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PCTs improve but lag behind in star ratings

I read with interest the article 'Hunt is on for UK's lowest earning GP' (News, June 16). As mentioned there, I have been contacting PCTs in order to narrow the field, and we will in the fullness of time be presenting a trophy to the NHS's most impecunious doc.

This is all rather jolly ­ but there is a serious point. The Government (and, for that matter, the profession's negotiators) is keen to emphasise the success of the new contract.

A typical headline tells us that half the GPs in the country are earning over £100,000. There are losers as well as winners, however, and I want to give them a voice ­ for their sake and for that of their patients.

In July 2002, the Audit Commission published examples of a postcode lottery in primary care. One example was Oxfordshire where there were twice as many GPs per head of population as there were in Gateshead (and twice the funding).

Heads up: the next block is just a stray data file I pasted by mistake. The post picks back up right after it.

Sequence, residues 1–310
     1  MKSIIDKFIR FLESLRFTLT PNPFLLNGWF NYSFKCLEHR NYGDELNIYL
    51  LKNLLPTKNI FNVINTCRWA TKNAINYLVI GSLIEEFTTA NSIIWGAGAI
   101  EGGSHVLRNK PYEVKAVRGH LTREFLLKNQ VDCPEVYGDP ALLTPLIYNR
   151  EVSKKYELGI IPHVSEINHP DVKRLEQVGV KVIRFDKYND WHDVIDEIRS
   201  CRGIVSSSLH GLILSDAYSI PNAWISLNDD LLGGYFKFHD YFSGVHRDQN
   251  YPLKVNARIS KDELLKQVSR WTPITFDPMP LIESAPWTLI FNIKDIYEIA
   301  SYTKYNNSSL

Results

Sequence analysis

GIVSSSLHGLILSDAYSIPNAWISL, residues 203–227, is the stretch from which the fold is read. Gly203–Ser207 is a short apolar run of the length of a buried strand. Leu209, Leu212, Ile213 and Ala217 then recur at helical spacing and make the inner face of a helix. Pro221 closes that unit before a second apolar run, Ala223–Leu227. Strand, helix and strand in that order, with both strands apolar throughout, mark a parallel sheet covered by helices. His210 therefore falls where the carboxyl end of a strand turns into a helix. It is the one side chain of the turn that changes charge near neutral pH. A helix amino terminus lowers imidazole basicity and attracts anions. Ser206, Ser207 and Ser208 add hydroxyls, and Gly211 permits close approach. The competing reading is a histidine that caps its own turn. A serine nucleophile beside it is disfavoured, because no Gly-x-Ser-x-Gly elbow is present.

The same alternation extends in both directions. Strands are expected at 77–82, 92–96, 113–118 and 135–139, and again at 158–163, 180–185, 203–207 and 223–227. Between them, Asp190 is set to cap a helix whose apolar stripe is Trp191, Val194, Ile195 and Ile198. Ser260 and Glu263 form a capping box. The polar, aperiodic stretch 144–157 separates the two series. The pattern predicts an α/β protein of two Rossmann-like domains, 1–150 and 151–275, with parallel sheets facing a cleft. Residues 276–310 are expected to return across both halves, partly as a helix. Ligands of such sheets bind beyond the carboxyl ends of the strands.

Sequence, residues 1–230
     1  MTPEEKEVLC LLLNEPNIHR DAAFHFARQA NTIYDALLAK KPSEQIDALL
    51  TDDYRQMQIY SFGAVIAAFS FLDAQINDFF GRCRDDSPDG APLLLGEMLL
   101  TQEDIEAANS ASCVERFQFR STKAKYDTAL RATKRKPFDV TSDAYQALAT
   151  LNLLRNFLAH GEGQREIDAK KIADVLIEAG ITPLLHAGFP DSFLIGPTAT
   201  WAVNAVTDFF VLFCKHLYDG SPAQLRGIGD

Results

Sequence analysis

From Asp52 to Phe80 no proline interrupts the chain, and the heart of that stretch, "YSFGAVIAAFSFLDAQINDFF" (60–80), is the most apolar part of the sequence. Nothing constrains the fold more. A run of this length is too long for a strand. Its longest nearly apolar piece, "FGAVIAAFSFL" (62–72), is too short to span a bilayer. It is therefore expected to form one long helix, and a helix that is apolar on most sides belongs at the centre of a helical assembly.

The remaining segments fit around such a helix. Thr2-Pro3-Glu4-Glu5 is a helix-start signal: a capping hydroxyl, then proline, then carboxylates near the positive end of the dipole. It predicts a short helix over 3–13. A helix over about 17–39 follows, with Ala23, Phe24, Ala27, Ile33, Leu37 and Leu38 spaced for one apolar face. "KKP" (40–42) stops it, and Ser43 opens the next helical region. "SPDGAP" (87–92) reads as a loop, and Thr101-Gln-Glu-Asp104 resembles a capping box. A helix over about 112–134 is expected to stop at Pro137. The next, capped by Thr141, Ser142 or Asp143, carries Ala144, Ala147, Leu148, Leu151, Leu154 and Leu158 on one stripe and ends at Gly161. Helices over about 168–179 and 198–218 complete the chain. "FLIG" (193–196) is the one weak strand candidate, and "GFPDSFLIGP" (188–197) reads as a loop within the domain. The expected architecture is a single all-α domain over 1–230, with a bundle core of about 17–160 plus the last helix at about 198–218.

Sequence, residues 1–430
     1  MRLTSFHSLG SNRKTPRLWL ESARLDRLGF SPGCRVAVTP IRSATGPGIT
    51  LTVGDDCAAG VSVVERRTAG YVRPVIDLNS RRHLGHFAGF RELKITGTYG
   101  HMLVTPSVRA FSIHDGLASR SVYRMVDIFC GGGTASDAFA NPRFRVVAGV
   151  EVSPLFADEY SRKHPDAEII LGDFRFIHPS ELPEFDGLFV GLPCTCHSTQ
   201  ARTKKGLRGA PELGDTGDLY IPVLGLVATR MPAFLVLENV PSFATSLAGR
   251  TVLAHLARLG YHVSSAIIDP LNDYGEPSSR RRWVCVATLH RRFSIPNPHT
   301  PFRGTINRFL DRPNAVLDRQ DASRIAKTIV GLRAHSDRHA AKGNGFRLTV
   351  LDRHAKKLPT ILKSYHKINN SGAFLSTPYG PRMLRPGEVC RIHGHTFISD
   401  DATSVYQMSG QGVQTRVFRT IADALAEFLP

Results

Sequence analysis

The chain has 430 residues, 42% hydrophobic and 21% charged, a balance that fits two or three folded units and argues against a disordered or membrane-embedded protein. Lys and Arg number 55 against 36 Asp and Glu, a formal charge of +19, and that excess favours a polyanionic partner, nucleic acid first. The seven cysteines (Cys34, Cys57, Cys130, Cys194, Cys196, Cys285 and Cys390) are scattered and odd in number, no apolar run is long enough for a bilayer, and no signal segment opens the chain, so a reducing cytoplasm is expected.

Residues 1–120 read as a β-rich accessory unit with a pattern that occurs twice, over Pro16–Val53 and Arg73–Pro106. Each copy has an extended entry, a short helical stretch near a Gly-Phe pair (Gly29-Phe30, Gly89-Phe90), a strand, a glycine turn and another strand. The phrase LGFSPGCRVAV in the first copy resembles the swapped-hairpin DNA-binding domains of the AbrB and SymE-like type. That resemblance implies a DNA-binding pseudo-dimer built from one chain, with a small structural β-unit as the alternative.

There is strong evidence, however, that the disparities are greater within PCTs than they are between PCTs. I can cite an example of a major discrepancy within a single postcode.

The point of the exercise, then, is that there are implications for patient care. By and large we GPs do the best we can with the resources made available to us so you can usually expect to get a reasonable standard of service from a well-funded practice and vice versa.

Despite the inspiration and perspiration that went into the new contract, there are certainly major flaws. And looking at the wider picture, the 'new improved' NHS is a good place to start if you want to find examples of 'starvation in the midst of plenty'.

There is more money than ever sloshing around ­ and yet ever greater sums are being squandered, leaving many of us at the sharp end scratching around in order to care for our patients.

If you think you are in the running for the title of 'lowest earning GP', please do as the article suggests and contact

Dr John Cormack

South Woodham


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